The bottlenose dolphin (Tursiops truncatus) is probably the most well-known dolphin species in the world. There appears to be a general trend of inshore specimens being smaller than the larger, more robust variety that live offshore; but in British waters, we’re known for having some of the longest and stockiest specimens in the world, throughout our coastal waters. They have a torpedo-shaped body, are coloured dark grey along the back, paler grey on the flanks and more white-pinkish underneath, and earn their common name with their long, protruding rostrum.
The most easily-recognisable features of the bottlenose dolphin as it breaks the surface of the water are its tendency to display acrobatic feats as it leaps from the water, but more so the more curved, sickle-shaped dorsal fin and overall body size, relative to the other most commonly-sighted cetacean in this region, – the harbour porpoise (Phocoena phocoena); which is much smaller, and has a more triangular dorsal fin.
Adult males usually range between 2.4 – 3.8 meters in length. Female adults tend to be slightly smaller, typically anywhere from 2.3 – 3.7 meters.
IUCN status Least Concern
Common as they are, along almost all of the world’s temperate, tropical and subtropical coasts, we find them in high abundance in this region, too. The International Union for the Conservation of Nature (IUCN)’s Red List has classifies the Common Bottlenose Dolphin as Least Concern (LC), and are listed under Appendix II of CITIES. Protection, or at the very least, study of this species, is still vital due to the role it plays as an apex predator in each of the ecosystems that it occupies. The affects of human disturbance, hunting and being caught in fishing nets need to be continually monitored to ensure that our populations do not start to suffer at an increased rate.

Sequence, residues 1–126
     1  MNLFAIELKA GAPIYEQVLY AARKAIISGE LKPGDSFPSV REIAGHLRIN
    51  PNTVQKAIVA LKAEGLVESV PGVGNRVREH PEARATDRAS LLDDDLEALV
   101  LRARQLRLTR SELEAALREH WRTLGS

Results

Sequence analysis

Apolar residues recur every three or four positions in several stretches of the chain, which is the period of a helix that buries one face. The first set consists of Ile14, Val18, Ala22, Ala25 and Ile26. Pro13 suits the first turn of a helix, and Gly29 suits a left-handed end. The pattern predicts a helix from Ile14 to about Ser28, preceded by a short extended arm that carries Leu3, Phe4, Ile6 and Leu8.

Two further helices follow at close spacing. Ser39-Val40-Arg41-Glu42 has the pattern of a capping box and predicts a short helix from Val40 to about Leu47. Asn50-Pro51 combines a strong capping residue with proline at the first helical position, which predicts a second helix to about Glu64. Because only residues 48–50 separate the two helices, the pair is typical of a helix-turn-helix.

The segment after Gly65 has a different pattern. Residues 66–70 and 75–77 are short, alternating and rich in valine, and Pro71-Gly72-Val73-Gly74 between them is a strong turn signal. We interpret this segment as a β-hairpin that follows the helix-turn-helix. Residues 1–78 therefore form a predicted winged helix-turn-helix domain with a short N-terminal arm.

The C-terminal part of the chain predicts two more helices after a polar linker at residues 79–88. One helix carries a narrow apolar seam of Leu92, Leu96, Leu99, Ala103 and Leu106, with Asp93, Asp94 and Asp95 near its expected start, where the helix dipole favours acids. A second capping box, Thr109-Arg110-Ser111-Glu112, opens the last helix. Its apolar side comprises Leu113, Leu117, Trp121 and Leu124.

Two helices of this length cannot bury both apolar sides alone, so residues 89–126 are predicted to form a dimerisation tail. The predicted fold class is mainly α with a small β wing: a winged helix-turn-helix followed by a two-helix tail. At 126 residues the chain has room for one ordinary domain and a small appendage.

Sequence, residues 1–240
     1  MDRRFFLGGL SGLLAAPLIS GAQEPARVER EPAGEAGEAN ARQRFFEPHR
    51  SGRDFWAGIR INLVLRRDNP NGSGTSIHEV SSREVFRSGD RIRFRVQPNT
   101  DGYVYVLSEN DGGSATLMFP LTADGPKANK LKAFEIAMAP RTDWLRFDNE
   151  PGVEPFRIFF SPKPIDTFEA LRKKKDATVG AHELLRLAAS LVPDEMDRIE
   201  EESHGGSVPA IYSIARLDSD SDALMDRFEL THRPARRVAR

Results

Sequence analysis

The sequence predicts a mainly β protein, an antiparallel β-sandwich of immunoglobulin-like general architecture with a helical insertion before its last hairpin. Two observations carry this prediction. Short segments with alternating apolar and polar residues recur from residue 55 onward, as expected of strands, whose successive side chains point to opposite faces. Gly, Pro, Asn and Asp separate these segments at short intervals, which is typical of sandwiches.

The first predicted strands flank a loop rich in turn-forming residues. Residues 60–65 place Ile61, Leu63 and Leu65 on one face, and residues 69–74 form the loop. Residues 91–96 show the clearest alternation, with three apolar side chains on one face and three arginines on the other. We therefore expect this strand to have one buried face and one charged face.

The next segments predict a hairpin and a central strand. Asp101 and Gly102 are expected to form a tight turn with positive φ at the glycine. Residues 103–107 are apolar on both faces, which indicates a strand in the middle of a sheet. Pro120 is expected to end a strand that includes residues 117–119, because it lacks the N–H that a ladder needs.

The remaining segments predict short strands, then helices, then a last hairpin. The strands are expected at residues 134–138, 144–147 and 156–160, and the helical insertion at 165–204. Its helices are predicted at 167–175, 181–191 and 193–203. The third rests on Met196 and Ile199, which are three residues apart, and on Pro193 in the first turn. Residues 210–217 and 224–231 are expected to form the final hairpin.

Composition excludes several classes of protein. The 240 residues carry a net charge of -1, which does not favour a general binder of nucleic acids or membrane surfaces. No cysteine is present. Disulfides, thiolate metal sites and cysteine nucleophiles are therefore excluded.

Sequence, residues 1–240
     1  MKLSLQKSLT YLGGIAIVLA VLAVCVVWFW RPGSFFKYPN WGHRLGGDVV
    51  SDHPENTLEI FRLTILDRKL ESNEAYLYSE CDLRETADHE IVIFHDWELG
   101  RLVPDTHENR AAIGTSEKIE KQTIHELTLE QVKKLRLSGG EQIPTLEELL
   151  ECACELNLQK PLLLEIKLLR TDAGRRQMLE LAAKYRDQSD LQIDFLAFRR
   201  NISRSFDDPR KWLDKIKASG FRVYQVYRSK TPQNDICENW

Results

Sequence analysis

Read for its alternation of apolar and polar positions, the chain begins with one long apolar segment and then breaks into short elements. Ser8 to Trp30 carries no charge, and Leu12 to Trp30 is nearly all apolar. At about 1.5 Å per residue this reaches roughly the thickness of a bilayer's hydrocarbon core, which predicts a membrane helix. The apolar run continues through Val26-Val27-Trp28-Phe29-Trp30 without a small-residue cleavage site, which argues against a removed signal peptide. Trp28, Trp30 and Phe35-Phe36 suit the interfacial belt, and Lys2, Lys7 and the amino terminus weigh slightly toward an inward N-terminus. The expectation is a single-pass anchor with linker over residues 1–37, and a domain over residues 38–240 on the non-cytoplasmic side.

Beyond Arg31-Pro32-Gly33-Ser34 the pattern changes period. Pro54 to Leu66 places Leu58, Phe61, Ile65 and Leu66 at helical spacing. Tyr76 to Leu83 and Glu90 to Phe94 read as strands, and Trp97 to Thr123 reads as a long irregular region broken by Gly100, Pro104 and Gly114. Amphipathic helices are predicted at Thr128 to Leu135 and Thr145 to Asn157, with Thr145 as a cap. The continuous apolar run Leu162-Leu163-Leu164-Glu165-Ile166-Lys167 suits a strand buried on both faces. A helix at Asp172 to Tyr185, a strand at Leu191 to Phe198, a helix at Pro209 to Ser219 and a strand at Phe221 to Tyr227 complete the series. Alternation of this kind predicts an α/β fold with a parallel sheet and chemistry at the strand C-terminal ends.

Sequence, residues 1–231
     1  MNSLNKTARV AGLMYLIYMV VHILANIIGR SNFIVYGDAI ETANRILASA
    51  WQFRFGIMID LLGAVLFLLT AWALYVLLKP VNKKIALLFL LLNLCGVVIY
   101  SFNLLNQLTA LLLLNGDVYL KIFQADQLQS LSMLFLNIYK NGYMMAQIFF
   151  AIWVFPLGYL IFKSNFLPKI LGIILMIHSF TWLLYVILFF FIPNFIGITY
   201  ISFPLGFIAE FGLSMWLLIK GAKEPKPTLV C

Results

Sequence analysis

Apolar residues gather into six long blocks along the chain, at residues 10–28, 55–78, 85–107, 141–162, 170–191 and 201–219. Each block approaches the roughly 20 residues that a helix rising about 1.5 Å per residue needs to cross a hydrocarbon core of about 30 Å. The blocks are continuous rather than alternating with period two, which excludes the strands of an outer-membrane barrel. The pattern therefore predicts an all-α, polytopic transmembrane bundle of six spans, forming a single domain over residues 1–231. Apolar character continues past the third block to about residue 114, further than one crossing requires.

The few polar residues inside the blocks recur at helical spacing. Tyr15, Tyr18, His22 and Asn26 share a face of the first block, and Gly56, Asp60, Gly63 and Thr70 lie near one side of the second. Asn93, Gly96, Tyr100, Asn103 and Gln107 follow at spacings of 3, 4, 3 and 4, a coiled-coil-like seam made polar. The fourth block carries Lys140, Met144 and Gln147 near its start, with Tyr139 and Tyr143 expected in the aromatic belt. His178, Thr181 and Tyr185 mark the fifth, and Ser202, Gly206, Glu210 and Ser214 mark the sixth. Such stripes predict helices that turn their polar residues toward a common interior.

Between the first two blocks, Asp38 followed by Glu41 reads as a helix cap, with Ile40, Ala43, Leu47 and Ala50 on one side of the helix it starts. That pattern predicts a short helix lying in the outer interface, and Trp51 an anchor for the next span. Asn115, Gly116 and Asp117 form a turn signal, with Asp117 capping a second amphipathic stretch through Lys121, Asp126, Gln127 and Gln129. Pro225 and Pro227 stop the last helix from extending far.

Where to find them:
Bottlenose dolphins occupy both coasts and offshore habitats, often found in both open waters, and also rocky reefs and lagoons. The species are regularly seen throughout the region, occupying the entirety of Liverpool Bay (from the Dee estuary all the way as far north as the Cumbrian coast); with the mouths of the Mersey and Dee rivers, and off the coast of Blackpool being the main areas where they’re spotted by the public, in recent years.
Famous for its intelligence and cognitive ability, the Common Bottlenose Dolphin engages in a wide array of feeding and hunting behaviours, many of which are unique to specific populations in isolated areas. The range of prey species that they hunt is just as wide, including numerous species of small fish, crustacean and squid.
Did you know the bottlenose dolphin engages in an interesting, but as yet largely under-studied interaction with the region’s other, most abundant cetacean, the harbour porpoise. The dolphins have been known to harass them, rake them with their teeth; potentially resulting in the death of the porpoise. Numerous such injured porpoise have been washed up on our coasts, dead. We don’t yet know the reasons for this behaviour.
Did you know that Liverpool Bay Marine Life Trust aided in the first photo identification bottlenose dolphin off Merseyside.